On the profit side, Splunk saw a small contraction in operating margins to 13.6% on a pro forma basis, down 190bps relative to 15.5% in 3Q18. Sales and marketing expenses continue to remain high, rising 33% y/y to $263.2 million as Splunk continues to chase growth (as a percentage of revenues, however, sales and marketing costs pared down slightly).
Despite the small margin shrinkage, pro forma operating income still rose to $65.4 million, up 23% y/y. Splunk's pro forma EPS of $0.38 also beat Wall Street's estimates of $0.31 with 23% upside.
In addition, Splunk managed to continue growing its operating cash flows, up 45% y/y in the quarter to $33.5 million. Year-to-date, the company has grown OCF by a startling 67% y/y.
Key takeaways and cautions
Splunk has just given investors a fresh bullish catalyst to lift the stock in 2019. Despite its already-bullish outlook for FY20, Splunk has a deep-seated track record for consistently surpassing its own guidance ranges. Continued strength in cloud and an aggressive conversion to subscription revenues also provide clear upside catalysts for Splunk in 2019.
The biggest risk to the bullish thesis for Splunk, of course, is if its trend of outperformance suddenly slows down. Investors have more or less gotten accustomed to Splunk's big earnings beats. The slightest whiff of revenue deceleration - especially amid volatile markets, where investors are looking for any and every reason to dump growth names - could spur a sharp selloff. This is not unprecedented this year: growth SaaS names like Cloudera (CLDR), Instructure (INST), and Talend (TLND) have all suffered massive declines on deceleration fears and haven't recovered since.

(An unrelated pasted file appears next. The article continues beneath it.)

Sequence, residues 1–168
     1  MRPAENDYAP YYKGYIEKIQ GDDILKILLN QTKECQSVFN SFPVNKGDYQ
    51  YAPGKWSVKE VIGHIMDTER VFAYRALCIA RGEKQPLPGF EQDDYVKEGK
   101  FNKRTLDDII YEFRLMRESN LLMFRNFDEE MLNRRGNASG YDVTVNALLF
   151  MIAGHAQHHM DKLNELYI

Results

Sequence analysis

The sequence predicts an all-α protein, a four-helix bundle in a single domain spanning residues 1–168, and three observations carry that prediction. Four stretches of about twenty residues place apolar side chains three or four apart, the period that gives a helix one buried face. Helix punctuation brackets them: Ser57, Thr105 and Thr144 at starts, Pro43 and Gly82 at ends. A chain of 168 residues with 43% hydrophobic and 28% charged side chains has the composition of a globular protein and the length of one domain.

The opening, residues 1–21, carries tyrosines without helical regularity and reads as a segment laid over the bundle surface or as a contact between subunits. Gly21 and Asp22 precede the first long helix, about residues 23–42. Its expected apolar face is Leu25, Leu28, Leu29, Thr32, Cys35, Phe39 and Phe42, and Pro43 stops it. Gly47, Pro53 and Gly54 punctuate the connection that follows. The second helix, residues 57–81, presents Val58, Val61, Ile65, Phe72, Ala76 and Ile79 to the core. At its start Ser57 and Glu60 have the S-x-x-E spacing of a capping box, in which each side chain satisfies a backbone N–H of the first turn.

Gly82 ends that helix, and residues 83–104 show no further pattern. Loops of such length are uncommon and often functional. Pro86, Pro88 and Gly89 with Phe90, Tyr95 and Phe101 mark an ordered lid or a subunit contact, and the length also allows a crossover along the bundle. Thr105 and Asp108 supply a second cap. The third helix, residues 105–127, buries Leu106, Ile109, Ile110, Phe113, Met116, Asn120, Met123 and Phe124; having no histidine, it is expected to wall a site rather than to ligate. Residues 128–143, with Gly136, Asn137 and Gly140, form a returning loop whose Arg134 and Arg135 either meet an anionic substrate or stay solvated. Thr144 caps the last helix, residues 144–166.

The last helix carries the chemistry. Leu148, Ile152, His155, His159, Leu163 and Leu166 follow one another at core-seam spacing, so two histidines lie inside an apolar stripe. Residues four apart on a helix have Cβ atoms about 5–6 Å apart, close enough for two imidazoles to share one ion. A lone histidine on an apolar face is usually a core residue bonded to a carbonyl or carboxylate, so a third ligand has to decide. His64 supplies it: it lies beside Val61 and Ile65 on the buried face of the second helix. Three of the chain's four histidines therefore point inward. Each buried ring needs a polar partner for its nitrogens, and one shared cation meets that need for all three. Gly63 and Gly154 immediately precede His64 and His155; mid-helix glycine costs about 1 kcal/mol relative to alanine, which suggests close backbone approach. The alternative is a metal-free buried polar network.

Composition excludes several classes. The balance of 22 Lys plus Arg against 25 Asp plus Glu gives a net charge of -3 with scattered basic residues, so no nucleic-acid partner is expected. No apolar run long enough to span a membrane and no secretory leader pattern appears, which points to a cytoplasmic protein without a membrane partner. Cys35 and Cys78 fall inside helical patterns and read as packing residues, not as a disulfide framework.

That being said, against Splunk's freshly lifted guidance forecast and tremendous performance over the past two quarters, its valuation at just over 7x 2019 revenues seems reasonable, with the risk/reward profile heavily tilted in favor of bulls. Stay long on this name.
Disclosure: I/we have no positions in any stocks mentioned, but may initiate a long position in SPLK over the next 72 hours.
I wrote this article myself, and it expresses my own opinions. I am not receiving compensation for it (other than from Seeking Alpha). I have no business relationship with any company whose stock is mentioned in this article.